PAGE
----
“Overwhelming. Very overwhelming,” Anthony Cahoon said of the homecoming celebration his family, friends and neighbors threw for him when he got back home to Marissa.
Cahoon, 26, was the guest of honor in a parade Tuesday afternoon to mark his participation in the International Special Olympics World Summer Games in Los Angeles. He was a member of the U.S. 7-A side soccer team, which on Saturday won the bronze medal after defeating the Faroe Islands team 3-2.
Cahoon was one of four metro-east residents at the games and was the only area athlete to compete there.
“It’s exciting, it really is,” said Connie Schilling shortly before the parade came past the First Baptist Church lawn where she and her family watched. “And it couldn’t have happened to a better kid. He loves his God. That’s the most important thing in his life.”
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Schilling would know. She goes way back with Cahoon’s family from the days when they worshiped together at a now-closed church on the south side of town. “I used to change his diapers,” she said.
Townspeople lined Main Street uptown, cheering and waving American flags and homemade posters as Cahoon passed by, waving and wearing a smile a mile wide, from the bed of a pickup truck. One of his coaches, Rich Crothers of Mascoutah, was driving the truck. A Marissa fire truck, police cars from Marissa and Freeburg and a handful of motorcyclists flanked Cahoon along the parade route.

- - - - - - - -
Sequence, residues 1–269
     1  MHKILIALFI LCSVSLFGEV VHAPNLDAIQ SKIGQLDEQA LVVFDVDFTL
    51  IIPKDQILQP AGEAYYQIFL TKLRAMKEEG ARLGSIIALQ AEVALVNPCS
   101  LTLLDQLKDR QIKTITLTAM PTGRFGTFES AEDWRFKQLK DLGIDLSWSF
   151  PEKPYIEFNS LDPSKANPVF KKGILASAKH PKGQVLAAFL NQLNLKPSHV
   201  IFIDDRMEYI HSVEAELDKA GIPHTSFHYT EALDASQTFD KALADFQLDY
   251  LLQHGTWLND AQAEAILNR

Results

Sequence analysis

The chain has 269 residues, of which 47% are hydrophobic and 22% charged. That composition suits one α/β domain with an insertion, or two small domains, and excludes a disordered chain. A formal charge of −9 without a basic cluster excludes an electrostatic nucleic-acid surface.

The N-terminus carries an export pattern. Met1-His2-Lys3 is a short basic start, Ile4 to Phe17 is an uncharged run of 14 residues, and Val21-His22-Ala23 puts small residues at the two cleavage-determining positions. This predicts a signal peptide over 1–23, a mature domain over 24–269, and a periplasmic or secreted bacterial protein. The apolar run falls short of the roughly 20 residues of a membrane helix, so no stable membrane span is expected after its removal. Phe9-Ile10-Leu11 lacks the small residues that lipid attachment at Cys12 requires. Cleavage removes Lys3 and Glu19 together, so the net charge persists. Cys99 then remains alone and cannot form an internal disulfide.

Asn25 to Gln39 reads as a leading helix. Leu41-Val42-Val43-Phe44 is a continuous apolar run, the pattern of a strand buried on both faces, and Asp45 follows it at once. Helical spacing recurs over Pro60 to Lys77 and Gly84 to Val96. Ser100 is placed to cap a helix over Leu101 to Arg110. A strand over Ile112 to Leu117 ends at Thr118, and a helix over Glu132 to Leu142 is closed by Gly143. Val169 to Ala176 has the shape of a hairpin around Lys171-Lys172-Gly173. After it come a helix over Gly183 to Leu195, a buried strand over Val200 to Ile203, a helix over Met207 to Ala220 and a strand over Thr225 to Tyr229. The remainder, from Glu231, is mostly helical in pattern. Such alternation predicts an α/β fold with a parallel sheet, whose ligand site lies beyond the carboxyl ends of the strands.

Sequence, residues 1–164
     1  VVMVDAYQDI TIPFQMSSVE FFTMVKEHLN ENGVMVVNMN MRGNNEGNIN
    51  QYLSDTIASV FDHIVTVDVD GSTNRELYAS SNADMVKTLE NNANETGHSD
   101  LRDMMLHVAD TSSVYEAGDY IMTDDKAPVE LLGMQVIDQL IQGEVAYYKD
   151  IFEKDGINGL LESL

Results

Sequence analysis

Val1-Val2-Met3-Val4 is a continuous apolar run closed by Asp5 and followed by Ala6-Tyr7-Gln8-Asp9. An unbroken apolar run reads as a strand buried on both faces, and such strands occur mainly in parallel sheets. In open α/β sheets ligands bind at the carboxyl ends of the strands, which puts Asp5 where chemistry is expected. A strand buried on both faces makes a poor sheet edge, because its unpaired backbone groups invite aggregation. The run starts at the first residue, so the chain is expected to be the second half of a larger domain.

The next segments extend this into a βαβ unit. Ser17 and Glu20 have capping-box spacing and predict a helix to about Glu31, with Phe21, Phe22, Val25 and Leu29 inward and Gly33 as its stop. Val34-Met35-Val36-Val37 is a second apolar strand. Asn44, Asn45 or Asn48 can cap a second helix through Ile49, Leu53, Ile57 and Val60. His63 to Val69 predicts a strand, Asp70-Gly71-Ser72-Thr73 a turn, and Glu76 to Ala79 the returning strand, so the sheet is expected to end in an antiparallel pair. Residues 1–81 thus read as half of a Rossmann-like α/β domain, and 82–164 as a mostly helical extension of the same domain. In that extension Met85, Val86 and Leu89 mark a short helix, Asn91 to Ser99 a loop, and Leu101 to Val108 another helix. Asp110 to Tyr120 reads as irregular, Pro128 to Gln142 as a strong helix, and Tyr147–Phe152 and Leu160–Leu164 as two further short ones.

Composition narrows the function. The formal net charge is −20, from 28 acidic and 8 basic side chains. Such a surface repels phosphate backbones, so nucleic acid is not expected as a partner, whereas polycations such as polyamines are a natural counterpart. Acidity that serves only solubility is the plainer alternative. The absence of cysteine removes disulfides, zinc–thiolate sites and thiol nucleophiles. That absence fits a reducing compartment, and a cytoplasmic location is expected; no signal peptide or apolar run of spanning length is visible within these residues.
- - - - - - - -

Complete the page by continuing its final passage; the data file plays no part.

After the parade, residents gathered at the community building for a meal and reception.
Cahoon said playing soccer on an international level was “unbelievable.”
Part of his experience that will stick with him, he said, was the fact that teams competing against one another in each day’s games joined together for dinner each evening. He also appreciated the fans who seemed to “come out of the woodwork” to shake hands, give hugs and ask him to sign soccer balls and dollar bills.
“A kid even asked me to sign his forehead,” Cahoon said. “It was overwhelming.”
And then there was the homecoming.
“What really hit me was coming through town, seeing old school teachers I haven’t seen in years, family I haven’t seen in years,” Cahoon said about the parade. “The plane ride (from Los Angeles) was long and delayed, the train was long, I was tired and weary. I’m not even tired anymore. I’m alive.”
But being back home in Marissa means getting back to business. Cahoon will be back at work at the New Athens Home for the Aged Wednesday.